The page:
As promised, the Storage Optimization blog is getting a major facelift, with a brand new URL. This WordPress web address will soon disappear, so please update your links, RSS feed, and bookmarks.
The timing of this update is particularly poignant–it has been almost exactly two years since Ocarina Networks was first formed by a small group of dedicated folks who recognized the upwardly spiraling data growth problem for what it is: an opportunity to innovate.
The new blog will include regular news and commentary from our staff and writers, as well as plenty of guest posts from industry observers and insiders. All of this is aimed at helping you determine what you need to know when making decisions about storage. We sincerely hope you’ll enjoy it.
Again, the new link is www.onlinestorageoptimization.com. It is live now, so please update your settings!
Nice piece today in Bioinform about our compression solution for genomics data. Carter George of Ocarina spoke to the author of the piece, Vivien Marx, last week, as did Dave Lifka at Cornell. The article details the work we’re doing with Cornell University’s Center for Advanced Computing (CAC) in partnership with DataDirect to increase their capacity by up to 90 percent.
Gene sequencing has opened up new vistas in medical research that could lead to a completely new era of “personalized medicine,” with targeted treatments and few or no side effects from medications. Momentum for this type of medicine is building–the FDA announced today that it has created a new position dedicated to “coordinating and upgrading” the agency’s involvement in genomics and other elements of personalized medicine.
The potential is huge, and it’s truly horrifying to think that all this progress could be slowed or stopped due to the cost of storage. Thus, freeing up disk space truly can be a matter of life and death.
We’ve addressed this by developing compression solutions specifically designed for sequencing technologies such as those from Illumina and Affymetrix. The Bioinform article offers significant detail on the types of files we compress as well as the checksums Ocarina performs on each before any shadow files are deleted. We hope you’ll take a look at the piece.
Stephen Foskett had a nice post on his Packrat blog today that delves into the question of whether encryption can be done in such a way that it doesn’t interfere with compression. The whole post is worth a read. We were also pleased to see him describe Ocarina in the following manner:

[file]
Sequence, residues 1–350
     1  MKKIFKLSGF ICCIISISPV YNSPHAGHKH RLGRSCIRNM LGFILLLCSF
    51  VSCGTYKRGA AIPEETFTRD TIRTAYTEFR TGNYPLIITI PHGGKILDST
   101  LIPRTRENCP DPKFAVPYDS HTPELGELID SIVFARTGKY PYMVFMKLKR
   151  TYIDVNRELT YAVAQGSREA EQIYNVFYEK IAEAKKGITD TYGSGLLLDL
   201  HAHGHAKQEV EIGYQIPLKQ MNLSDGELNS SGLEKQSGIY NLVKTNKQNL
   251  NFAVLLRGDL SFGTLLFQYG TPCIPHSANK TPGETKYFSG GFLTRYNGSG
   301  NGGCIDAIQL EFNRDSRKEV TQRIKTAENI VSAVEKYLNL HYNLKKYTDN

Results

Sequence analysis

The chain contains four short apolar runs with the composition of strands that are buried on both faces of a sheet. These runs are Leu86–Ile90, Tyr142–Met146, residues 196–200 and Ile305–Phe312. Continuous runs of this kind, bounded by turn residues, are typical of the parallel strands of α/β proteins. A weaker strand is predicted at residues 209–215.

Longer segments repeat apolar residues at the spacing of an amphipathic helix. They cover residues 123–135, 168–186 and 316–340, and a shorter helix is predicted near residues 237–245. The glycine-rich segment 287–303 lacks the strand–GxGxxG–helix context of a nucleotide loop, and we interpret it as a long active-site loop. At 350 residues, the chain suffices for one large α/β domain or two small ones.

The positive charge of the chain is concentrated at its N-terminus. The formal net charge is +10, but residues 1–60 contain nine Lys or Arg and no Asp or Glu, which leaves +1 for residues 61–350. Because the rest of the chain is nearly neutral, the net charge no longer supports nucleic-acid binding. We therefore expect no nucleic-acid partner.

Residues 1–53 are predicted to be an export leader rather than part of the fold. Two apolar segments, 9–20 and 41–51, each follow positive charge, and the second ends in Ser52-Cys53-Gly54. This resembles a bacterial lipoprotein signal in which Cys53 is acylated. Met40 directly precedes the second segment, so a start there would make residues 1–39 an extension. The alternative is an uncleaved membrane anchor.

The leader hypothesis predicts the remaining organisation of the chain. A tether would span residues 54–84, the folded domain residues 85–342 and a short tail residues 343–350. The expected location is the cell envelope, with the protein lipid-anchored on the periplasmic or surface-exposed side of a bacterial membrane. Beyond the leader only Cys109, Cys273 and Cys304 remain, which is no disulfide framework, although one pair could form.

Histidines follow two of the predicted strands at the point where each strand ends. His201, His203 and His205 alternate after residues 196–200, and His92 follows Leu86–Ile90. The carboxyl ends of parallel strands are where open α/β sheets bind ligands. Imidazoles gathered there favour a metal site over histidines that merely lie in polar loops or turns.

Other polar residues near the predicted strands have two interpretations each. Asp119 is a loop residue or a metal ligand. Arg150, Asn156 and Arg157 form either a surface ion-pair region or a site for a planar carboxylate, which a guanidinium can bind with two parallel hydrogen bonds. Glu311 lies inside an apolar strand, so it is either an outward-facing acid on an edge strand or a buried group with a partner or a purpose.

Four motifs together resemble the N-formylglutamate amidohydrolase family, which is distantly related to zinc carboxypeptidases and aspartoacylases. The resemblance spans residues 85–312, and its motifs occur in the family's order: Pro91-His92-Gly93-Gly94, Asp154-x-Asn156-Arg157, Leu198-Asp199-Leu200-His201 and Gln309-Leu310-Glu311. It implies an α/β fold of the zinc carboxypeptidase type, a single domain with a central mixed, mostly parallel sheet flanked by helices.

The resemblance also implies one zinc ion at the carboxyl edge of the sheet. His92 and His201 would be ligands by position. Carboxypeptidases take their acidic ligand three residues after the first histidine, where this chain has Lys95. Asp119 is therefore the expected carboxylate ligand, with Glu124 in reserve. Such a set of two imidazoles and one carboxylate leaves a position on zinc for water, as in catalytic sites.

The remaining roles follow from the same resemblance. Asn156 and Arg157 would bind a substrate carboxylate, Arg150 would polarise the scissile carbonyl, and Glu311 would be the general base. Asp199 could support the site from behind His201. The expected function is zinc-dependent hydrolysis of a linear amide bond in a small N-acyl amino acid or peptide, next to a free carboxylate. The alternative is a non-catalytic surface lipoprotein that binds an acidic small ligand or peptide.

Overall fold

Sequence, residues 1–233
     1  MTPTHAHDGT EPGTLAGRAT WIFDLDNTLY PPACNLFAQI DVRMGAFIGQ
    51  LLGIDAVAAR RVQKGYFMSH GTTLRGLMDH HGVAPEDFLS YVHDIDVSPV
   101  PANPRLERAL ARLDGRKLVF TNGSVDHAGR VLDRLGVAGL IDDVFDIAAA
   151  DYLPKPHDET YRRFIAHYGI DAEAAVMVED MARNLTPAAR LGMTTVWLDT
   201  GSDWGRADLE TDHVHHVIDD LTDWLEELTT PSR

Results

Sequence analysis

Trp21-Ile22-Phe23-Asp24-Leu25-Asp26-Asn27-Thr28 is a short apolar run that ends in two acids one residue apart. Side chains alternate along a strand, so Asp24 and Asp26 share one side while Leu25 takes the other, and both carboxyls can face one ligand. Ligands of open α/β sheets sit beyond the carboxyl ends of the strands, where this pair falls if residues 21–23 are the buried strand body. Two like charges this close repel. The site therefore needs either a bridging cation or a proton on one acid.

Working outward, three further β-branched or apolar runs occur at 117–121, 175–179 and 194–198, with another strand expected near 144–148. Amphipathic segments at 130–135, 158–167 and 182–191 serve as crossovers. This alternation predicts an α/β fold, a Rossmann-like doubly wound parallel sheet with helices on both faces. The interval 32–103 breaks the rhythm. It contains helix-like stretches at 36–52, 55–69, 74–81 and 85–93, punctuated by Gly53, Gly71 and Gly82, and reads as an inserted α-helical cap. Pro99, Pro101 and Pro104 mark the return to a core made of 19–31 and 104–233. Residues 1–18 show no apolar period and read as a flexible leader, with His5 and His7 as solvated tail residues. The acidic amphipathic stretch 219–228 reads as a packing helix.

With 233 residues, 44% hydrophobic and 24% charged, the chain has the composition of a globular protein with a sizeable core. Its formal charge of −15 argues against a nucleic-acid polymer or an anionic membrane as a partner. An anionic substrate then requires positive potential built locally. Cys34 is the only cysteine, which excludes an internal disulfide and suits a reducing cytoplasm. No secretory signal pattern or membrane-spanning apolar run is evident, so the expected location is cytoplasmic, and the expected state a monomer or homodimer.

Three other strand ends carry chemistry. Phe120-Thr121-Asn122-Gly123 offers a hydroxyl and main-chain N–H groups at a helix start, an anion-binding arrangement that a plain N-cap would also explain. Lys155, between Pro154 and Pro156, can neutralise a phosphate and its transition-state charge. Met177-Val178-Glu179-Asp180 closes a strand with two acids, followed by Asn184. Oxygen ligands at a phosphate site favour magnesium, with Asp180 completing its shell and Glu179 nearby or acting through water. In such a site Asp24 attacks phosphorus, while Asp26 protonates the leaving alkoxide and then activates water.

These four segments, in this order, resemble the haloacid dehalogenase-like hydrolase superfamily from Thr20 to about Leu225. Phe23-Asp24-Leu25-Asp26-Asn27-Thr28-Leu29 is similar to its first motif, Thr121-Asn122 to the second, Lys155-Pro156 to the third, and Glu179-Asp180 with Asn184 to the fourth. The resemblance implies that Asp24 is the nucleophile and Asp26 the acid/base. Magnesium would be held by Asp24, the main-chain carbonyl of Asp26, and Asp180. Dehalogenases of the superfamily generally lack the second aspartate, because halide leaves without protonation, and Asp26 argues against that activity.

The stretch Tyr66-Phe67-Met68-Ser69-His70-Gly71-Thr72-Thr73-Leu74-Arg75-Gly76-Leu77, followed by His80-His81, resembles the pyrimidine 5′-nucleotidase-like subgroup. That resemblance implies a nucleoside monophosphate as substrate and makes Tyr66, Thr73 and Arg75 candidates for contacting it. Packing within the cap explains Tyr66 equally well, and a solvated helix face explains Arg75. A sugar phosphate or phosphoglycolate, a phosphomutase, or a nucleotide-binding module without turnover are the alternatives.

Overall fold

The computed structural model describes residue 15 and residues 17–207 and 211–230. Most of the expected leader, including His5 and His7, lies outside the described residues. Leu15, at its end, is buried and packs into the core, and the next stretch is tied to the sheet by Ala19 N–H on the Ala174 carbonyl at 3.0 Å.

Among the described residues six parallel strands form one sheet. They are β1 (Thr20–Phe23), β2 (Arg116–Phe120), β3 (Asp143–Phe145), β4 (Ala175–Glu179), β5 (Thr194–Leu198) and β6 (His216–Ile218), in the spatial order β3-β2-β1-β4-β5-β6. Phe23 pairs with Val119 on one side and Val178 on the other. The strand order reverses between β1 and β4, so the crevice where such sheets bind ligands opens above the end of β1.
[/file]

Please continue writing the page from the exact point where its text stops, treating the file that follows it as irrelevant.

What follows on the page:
“The software from Ocarina, for example, actually decompresses jpg and pdf files before recompressing them, resulting in astonishing capacity gains!”
The Packrat blog is on our RSS and Stephen is one of those bloggers who seems to have a grasp of just about everything that’s happening in storage–always adding his own fresh twist to the conversation. He’s also got a Twitter feed worth following, @sfoskett.
This blog and rest of the folks at Ocarina Networks are now a part of what could be termed the “micro-blogosphere.” We speak of course of Twitter. Our handle, http://www.twitter.com/optimizestorage. We hope you’ll follow us, and we look forward to following you.
Twitter has its pitfalls, as TechCrunch pointed out this week. But overall, we think it’s a good way to link up with those who are part of the emerging conversation around storage and where it is headed.
For Cornell, one of their biggest pain points was storage of genomics files. Genomics research is accelerating at a dizzying rate, and it turns out to be a very image intensive research area. Here’s one way to think about it: when J. Craig Venter and his team first sequenced the human genome, it took up 2GB of storage. Nowadays, a single molecular sequence can generate 100GB of data per HOUR. That’s not to say that all of it needs to be stored every time, but you get the idea. In fact, all around the world, genome sequencers are spitting out files as they race to find cures for life-threatening diseases such as cancer, Alzheimer’s and heart disease. If they don’t get storage under control, the pace of genomic research could actually be slowed.